Details are in the caption following the image
Average (1971–1995) monthly 95PPU ranges of (a, d, g) the blue water flow, (b, e, h) the green water flow, and (c, f, i) the green water storage in the countries Niger (Figures 7a–7c), Gabon (Figures 7d–7f), and Zimbabwe (Figures 7g–7i).

[30] It should be pointed out that for large countries, variations can be substantial across subbasins. For example, in Niger the country-based annual average blue water flow availability is 3 to 8 mm a−1 but some subbasins in the south of the country provide about 10 times more. While not shown in further detail, the model can provide monthly information of the freshwater components for each of the 1496 subbasins in Africa and they will be published in a special report.

4. Implications of the Model Results

4.1. Blue Water Scarcity Indicators Considering Uncertainty

[31] The model results of the temporal and spatial variations of the freshwater availability components and their uncertainty bands can be used in global and national water planning and management, in advanced studies concerning the water and food security, virtual water flow, and effects of land-use and climate change [UNESCO, 2006]. This study briefly presents the use of the model results for water scarcity analysis. While there exist a large number of water scarcity indicators, one of the most widely used and accepted is the water stress threshold, defined as 1700 m3 capita−1 a−1 [Falkenmark and Widstrand, 1992]. This scarcity index does not indicate that water is scarce for domestic purposes, but rather for irrigation and thus for food production [Rijsberman, 2006]. Yang et al. [2003] have found that below a threshold of about 1500 m3 capita−1 a−1 the cereal import in a country inversely correlates to its renewable water resources. Below this value different degrees of water stresses (extreme stress: <500 m3 capita−1 a−1, high stress: <1000 m3 capita−1 a−1) can be defined [Falkenmark et al., 1989]. A value between 1700 and 4000 m3 capita−1 a−1 is considered as just adequate [Revenga et al., 2000]. Vörösmarty et al. [2000] have found in a global study that the number of people exposed to high water stress (defined as withdrawal-to-availability-ratio larger than 0.4) is three times larger if the analysis is based on geospatial data at a resolution of 50 km instead of using national estimates. According to Rijsberman [2006] one of the limitations of water scarcity indicators are the annual, national averages that hide important scarcity at monthly and regional scales.

[32] We computed the water availability per capita and water stress indicators not only for each country but also for each of the 1496 subbasins. The population estimates were taken from the Center for International Earth Science Information Network's (CIESIN) Gridded Population of the World (GPW, version 3, http://sedac.ciesin.columbia.edu/gpw). The data are for the year 2005 and has a spatial resolution of 2.5 arc-min, which we aggregated for each subbasin. In order to address uncertainty of future water stress estimates, Alcamo et al. [2007] computed and compared globally three different indicators of water stress (withdrawals-to availability ratio greater than 0.4, water availability per capita less than 1000 m3 a−1, and consumption-to-Q90 ratio greater than 1). Although there was a large overlap in the estimated areas with severe water stress, in many regions the three indicators disagreed. Overall, using the water availability per capita indicator resulted in the lowest values of affected area and number of people with severe water stress. In this study we address uncertainty by calculating the per capita water availability by using the lower (L95PPU), the upper (U95PPU) and the average (Avg) 95PPU values of the blue water flow during the simulation time period.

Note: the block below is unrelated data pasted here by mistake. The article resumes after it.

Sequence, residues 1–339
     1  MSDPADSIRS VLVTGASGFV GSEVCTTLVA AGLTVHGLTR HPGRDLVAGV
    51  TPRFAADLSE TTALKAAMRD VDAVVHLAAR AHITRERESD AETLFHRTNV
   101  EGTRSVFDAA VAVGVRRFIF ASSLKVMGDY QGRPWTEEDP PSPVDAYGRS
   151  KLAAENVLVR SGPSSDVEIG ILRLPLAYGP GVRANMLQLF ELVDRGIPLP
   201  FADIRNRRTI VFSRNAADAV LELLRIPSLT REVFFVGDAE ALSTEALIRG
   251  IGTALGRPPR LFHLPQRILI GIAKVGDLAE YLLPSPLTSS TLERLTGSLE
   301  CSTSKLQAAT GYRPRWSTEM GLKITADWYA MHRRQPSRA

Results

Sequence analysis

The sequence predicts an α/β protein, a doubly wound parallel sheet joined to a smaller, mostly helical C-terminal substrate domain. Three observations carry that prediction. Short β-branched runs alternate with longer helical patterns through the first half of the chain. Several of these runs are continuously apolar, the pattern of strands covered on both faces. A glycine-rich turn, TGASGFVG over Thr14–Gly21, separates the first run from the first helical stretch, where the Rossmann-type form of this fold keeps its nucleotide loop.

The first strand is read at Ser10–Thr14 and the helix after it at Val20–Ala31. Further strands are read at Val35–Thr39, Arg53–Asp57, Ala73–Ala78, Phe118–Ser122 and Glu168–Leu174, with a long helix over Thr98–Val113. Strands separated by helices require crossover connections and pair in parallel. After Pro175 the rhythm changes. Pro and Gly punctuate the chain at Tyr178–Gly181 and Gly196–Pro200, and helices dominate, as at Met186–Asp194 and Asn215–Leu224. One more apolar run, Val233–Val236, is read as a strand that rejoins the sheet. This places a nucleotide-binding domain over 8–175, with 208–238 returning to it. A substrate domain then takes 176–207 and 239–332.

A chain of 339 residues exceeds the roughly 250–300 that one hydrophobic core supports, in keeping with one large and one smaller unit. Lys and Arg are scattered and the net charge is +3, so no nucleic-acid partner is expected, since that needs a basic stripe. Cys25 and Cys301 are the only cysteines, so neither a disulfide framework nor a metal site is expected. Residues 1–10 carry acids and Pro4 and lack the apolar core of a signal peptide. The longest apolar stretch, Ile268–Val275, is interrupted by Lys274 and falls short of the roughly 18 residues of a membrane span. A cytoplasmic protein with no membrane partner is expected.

[33] Looking at the water scarcity on a country basis, the use of the L95PPU blue water flow values led to 29 countries with water stress (<1700 m3 capita−1 a−1), while the use of the U95PPU values led to merely 16 affected countries (Table 5). Taking the average of the 95PPU range resulted in 20 vulnerable countries. In countries where both L95PPU and U95PPU result in the same conclusion, the risk situation is quite clear. However, in countries such as Burkina Faso, Ethiopia, Ghana, Sudan, and Zimbabwe where only the use of the L95PPU blue water flow values signalizes water scarcity, the situation demands more detailed studies. One can conclude that in many of these countries, and in fact in larger countries in general, it might be of great importance to analyze the water scarcity in a spatially distributed manner on a subcountry level rather than consider the country as a whole.

Table 5. Country-Based Per Capita Blue Water Flow (BW) Availability Considering the L95PPU and the U95PPU Value of the Annual Average (1971–1995) BW and the Population in the Year 2005
Country BW-L95PPU, m3/cap/a BW-U95PPU, m3/cap/a Country BW-L95PPU, m3/cap/a BW-U95PPU, m3/cap/a
Algeria 63 268 Libya 23 113
Angola 9407 18022 Madagascar 11778 20114
Benin 1619 3508 Malawi 948 1823
Botswana 1336 6297 Mali 3529 6817
Burkina Faso 1440 3210 Mauritania 733 2359
Burundi 194 602 Morocco 60 323
Cameroon 12895 18189 Mozambique 4400 9429
Cent. Af. Rep. 35471 60388 Namibia 1497 9369
Chad 2763 5906 Niger 236 674
Congo 25528 44629 Nigeria 2001 2947
D.R. Congo 7381 14339 Rwanda 147 493
Djibouti 85 955 Senegal 1749 3076
Egypt 1 4 Sierra Leone 13815 17864
Equat. Guinea 29537 45367 Somalia 142 954
Eritrea 530 1614 South Africa 239 789
Ethiopia 1280 2737 Sudan 1245 3816
Gabon 93095 143289 Swaziland 345 1820
Gambia, The 833 1766 Tanzania 2907 5433
Ghana 1290 2776 Togo 1411 2770
Guinea 14438 20308 Tunisia 98 507
Guinea-Bissau 13052 18774 Uganda 266 972